Qantas Airways Reviews Are In: Safety Achievements Continue

Qantas Airways Reviews Are In: Safety Achievements Continue

The Qantas Airways reviews are in, and its safety achievement of no fatalities – or hull losses – in the jet era continue as it enters its 100th year. But Qantas’ safety achievements goes much further than the headline of being named the World’s Safest Airline for 2020.

Over its 99-year history, Qantas has amassed an amazing record of firsts in safety and operations.

Qantas Airline Reviews Don’t Stop with Best Safety

In 2008, in a successful defence to the British Advertising Standards Association of its claim that it is the world’s most experienced airline, Qantas was able to list almost 30 notable industry-leading achievements.

These included the wartime operation from Perth, Australia of what was then, and still is, the world’s longest air route by elapsed time. The flight from Perth to Colombo, Sri Lanka, saw passengers given an award dubbed “The Order of the Double Sunrise.”

This service, using Catalina Flying Boats, took about 28 hours non-stop and was performed in radio silence to avoid the Japanese. When the flights ended on July 18, 1945, the aircraft had made 271 crossings and had carried 858 passengers more than one million miles without a single accident.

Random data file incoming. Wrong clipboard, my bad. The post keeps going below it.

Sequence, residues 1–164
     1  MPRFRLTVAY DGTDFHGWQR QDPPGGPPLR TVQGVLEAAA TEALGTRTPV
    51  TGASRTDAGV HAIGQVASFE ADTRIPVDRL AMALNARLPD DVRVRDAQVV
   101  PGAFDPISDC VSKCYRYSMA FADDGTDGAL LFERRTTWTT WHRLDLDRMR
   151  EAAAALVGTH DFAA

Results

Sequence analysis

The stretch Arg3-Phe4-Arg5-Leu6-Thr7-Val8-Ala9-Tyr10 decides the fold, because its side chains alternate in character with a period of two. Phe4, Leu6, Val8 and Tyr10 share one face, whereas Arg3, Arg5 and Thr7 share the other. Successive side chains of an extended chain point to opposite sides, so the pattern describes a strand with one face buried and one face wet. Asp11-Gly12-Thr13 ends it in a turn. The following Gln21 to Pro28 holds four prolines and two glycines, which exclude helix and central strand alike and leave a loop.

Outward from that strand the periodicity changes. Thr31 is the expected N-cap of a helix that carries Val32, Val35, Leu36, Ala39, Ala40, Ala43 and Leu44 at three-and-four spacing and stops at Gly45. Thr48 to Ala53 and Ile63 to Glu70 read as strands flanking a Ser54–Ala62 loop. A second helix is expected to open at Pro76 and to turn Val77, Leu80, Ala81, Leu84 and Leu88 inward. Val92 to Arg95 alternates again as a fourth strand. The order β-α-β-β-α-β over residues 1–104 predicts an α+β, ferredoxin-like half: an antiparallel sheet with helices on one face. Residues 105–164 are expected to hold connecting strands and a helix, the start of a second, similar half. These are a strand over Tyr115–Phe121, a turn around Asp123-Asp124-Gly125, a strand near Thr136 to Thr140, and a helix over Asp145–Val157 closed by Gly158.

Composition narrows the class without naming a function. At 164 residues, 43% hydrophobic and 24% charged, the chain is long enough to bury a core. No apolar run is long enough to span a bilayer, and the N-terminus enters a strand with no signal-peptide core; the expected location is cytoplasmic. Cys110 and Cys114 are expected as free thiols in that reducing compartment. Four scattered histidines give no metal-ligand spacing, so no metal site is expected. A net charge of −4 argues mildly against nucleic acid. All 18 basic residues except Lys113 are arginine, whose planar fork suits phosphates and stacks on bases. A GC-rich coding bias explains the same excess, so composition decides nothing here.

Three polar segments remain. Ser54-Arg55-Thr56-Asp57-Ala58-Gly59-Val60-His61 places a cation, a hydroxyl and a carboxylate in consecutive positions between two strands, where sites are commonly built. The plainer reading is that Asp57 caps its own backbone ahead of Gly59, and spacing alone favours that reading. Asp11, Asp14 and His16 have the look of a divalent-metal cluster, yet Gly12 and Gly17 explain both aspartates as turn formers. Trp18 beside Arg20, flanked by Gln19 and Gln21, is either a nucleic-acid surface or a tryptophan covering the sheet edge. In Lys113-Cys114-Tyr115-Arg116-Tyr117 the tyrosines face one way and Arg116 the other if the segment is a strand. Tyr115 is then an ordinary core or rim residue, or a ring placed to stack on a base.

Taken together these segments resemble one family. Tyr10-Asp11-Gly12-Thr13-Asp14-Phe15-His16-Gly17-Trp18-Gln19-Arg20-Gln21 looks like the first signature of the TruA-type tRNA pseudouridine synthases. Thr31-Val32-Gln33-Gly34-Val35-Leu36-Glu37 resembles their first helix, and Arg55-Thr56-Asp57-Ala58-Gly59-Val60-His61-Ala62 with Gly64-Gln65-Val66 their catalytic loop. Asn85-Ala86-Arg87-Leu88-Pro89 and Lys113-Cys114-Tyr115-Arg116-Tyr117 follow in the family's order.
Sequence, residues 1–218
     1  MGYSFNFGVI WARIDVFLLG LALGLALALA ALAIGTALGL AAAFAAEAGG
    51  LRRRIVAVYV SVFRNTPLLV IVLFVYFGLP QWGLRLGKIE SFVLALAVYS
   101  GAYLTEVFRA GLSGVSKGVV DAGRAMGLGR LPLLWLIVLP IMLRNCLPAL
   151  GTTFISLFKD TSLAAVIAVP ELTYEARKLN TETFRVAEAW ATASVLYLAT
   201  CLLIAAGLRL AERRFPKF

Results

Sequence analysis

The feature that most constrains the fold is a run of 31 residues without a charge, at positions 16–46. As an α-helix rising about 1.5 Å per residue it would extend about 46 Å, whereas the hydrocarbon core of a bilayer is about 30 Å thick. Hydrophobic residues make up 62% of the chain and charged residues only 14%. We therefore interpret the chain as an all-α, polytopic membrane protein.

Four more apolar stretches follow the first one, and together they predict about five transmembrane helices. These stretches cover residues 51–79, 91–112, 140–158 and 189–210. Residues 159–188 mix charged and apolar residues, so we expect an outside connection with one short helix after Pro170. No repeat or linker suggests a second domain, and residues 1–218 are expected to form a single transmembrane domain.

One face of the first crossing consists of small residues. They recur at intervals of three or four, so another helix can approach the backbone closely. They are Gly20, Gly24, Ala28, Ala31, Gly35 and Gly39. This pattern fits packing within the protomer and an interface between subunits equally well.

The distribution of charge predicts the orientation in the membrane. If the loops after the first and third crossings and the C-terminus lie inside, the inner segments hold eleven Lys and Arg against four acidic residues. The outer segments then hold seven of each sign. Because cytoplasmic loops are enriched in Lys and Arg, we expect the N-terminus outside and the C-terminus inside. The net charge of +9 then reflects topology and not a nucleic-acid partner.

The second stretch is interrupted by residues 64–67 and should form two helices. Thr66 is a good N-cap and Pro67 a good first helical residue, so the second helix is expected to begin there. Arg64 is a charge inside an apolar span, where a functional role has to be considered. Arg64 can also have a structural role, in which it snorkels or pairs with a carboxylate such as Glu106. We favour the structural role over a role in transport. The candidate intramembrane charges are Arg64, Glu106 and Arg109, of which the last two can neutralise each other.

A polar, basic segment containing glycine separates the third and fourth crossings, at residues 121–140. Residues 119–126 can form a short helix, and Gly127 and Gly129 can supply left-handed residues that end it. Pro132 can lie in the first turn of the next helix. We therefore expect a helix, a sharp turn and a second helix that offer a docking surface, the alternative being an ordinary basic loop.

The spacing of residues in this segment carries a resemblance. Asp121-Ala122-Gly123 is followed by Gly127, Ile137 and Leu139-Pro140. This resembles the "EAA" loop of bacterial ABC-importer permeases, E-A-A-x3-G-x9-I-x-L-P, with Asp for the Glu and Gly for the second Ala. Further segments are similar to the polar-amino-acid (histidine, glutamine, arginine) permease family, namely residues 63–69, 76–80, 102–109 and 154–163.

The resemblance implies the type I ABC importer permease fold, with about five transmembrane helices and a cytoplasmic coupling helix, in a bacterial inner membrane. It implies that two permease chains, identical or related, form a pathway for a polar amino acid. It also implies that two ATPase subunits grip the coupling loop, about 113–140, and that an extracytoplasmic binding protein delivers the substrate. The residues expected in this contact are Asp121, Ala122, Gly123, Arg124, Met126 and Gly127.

Qantas was the first international airline to operate an around-the-world service with its Lockheed Super Constellations in 1958 and the first airline outside the US to take delivery of the Boeing 707 in 1959.

Qantas’ Lockheed Constellation launched the world’s first round the world service.

Qantas’ Technical Breakthroughs

The Australian airline was also amongst the first to pioneer technical breakthroughs such as long-range operations for twin-engine planes and the development of the Future Air Navigation System.

Qantas and Boeing executives about to board the airline’s first Boeing 707 for the delivery flight to Sydney in 1959.

Qantas was a leader in using the Flight Data Recorder to monitor plane and later crew performance in 1962. Only six parameters were available, unlike today’s FDRs which monitor thousands on the most advanced aircraft.

Qantas has also been a leader in a wide variety of recent cockpit innovations such as automatic landings using the Global Navigation Satellite System as well as precision approaches around mountains in cloud. Dubbed GLS and RNP, these technologies are cutting edge.

Qantas was the lead airline with real-time monitoring of its engines across its fleet using satellite communications, which has enabled the airline to detect problems before they become major safety issues.

In 2018, the airline linked the last two permanently populated continents, Europe and Australia, with a non-stop Boeing 787 service from Perth to London which started on March 24.

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